SpaceX's Grasshopper makes leap toward reusability
SpaceX's Grasshopper rocket passed its most ambitious test yet with flying colors last week, rising 12 stories into a cloudless Texas sky before hovering and settling gently back down onto its launch pad. It was the third flight of the prototype launch vehicle, which SpaceX hopes will lead the company to spaceflight's holy grail: a fully-reusable rocket system.
While SpaceX did not post a press release for the December 17 flight, details provided in a YouTube video said the Grasshopper left the ground for 29 seconds and reached an altitude of 131 feet (40 meters). The test vehicle is a modified Falcon 9 first stage powered by a single Merlin 1D engine, an upgraded version of the 1C engines that have launched two successful Dragon capsule cargo runs to the International Space Station. The production reusable Falcon 9 will have nine Merlin 1D engines, but only the center will be used during landing.
Elon Musk tweeted a few pictures from the flight, pointing out a six-foot cowboy mannequin that his team had installed on the base of the rocket to provide a sense of scale.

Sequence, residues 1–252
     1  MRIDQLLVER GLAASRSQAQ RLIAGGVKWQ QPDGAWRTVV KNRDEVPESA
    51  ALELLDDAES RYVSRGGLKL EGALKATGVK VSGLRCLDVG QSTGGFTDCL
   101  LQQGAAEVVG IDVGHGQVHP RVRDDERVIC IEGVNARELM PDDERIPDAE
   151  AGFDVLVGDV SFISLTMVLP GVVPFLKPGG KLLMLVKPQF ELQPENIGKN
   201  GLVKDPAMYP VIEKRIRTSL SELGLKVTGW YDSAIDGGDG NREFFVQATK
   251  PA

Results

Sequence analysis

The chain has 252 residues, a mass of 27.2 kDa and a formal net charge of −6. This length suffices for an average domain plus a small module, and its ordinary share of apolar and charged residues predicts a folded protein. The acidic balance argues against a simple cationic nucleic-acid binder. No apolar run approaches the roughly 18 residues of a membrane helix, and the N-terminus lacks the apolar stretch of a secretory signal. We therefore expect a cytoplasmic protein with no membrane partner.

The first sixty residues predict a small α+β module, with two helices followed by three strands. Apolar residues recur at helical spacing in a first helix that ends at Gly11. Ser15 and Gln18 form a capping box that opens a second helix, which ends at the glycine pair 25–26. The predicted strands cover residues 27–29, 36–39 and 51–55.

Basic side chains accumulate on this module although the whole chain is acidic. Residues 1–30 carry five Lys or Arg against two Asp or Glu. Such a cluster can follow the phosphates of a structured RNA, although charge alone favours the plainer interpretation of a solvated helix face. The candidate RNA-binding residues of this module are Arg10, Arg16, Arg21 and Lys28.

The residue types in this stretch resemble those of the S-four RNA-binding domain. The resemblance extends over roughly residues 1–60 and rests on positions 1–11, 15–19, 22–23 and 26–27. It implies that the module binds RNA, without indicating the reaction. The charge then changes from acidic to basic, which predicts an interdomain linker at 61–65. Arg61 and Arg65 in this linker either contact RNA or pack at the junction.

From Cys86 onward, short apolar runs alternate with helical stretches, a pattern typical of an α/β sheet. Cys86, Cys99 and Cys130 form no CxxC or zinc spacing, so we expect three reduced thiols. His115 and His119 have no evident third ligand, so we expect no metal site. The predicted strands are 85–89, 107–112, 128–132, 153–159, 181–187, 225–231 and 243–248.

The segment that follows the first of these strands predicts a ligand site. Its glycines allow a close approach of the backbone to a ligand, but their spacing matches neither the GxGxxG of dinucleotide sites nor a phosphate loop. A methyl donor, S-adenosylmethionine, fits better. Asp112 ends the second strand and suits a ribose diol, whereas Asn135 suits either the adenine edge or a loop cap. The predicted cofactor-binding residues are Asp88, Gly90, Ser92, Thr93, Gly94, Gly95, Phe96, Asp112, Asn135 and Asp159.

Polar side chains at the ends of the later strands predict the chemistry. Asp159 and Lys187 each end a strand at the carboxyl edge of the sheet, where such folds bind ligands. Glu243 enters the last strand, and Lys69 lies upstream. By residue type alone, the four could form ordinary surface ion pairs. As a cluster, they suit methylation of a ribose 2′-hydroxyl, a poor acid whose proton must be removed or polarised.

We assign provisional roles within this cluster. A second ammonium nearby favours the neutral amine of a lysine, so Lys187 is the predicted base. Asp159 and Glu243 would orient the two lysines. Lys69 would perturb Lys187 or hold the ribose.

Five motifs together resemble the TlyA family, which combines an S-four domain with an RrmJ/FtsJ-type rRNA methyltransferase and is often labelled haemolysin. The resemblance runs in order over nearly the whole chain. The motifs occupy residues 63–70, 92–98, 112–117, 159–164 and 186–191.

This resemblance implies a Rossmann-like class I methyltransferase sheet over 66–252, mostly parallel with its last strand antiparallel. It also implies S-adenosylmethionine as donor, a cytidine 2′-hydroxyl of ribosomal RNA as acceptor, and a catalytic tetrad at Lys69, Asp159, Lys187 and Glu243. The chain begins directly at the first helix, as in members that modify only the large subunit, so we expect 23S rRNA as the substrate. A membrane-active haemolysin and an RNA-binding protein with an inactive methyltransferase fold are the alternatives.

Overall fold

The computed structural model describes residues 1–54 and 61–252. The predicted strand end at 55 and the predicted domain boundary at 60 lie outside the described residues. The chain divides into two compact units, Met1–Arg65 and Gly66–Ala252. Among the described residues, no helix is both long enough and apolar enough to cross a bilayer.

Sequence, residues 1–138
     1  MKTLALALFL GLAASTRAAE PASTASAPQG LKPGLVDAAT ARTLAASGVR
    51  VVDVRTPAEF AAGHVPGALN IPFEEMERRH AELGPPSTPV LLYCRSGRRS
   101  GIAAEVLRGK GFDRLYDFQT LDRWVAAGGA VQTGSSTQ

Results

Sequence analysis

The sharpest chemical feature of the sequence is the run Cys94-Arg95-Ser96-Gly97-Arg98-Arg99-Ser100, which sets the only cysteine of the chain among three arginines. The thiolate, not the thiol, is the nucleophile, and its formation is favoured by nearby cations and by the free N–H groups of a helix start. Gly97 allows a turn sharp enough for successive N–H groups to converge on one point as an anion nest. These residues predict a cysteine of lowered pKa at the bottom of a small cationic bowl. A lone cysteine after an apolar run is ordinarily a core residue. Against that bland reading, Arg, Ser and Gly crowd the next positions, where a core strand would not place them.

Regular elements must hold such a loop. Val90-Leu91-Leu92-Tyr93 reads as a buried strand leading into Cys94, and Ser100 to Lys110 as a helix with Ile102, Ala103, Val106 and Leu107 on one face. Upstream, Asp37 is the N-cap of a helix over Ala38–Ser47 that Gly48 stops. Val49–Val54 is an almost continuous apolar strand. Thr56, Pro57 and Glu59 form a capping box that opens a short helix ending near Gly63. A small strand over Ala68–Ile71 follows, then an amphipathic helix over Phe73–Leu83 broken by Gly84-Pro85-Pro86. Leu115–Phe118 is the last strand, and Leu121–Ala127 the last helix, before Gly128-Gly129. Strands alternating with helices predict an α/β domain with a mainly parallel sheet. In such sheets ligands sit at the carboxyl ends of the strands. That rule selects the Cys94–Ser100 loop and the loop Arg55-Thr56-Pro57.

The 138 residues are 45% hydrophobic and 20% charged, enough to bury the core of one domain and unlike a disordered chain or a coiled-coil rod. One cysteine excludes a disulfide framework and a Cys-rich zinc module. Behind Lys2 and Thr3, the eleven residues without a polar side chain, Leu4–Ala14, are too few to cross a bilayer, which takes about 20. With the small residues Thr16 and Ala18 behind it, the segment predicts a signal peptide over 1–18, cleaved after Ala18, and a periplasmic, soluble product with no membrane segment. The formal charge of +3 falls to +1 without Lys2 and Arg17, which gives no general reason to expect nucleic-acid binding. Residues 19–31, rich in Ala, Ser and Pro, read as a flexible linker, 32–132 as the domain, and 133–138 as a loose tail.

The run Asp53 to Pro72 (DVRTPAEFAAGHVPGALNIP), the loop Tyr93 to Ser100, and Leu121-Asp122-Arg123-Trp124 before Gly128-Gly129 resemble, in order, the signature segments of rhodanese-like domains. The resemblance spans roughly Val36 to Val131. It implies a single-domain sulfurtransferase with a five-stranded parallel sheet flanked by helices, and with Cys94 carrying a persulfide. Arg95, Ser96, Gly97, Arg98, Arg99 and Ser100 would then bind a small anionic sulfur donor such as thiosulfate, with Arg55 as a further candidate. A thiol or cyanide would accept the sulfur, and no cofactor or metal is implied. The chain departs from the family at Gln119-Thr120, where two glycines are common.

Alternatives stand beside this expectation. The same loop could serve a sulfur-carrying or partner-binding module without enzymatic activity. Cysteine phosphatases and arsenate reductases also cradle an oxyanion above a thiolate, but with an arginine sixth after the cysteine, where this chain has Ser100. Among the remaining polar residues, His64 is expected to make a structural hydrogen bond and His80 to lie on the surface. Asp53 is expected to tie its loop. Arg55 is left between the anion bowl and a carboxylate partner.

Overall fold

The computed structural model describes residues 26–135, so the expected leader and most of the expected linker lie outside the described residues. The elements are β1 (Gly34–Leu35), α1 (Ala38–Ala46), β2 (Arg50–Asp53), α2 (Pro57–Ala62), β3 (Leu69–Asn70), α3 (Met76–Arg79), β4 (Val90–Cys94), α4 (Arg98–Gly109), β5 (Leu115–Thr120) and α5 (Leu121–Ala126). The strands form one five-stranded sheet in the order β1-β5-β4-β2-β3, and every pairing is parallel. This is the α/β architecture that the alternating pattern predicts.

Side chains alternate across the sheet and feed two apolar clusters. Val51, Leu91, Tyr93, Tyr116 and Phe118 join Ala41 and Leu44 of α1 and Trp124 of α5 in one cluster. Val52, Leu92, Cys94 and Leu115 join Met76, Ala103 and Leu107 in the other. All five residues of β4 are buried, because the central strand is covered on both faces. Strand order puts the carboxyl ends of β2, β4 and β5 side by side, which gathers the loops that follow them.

SpaceX's Grasshopper rocket prototype hovers above the launch pad during a 29-second test flight on December 17, 2012. The silhouette of a six-foot cowboy mannequin can be seen at the lower-right of the rocket for scale.
The Falcon 9 currently sheds its first stage three minutes into flight. Like other expendable rocket stages, the spent canister and its engines tumble back to Earth, ultimately meeting their demise in the Atlantic Ocean. However, as shown in a video released by SpaceX last year, the reusable Falcon's first and second stages will fly back to Earth for powered, upright landings. While the video is not necessarily accurate in every technical detail, it provides an overview of how SpaceX intends to accomplish the task.
In order to figure out exactly how the first stage will turn around and head home to Cape Canaveral, we need a lot of data from SpaceX, including Falcon's velocity, altitude and downrange distance at stage separation. The overall concept, however, is fairly straightforward: the first stage will kill off its eastward velocity and start traveling westward as it falls back to Earth. It will turn upright and slow down for a graceful soft landing.
Since a lot of the rocket's liftoff thrust is used to raise the rocket vertically, moving an almost-empty fuel tank laterally through near-vacuum seems doable. However, I'd love to get all of the numbers from SpaceX at some point and have someone with the necessary math skills explain how it will work.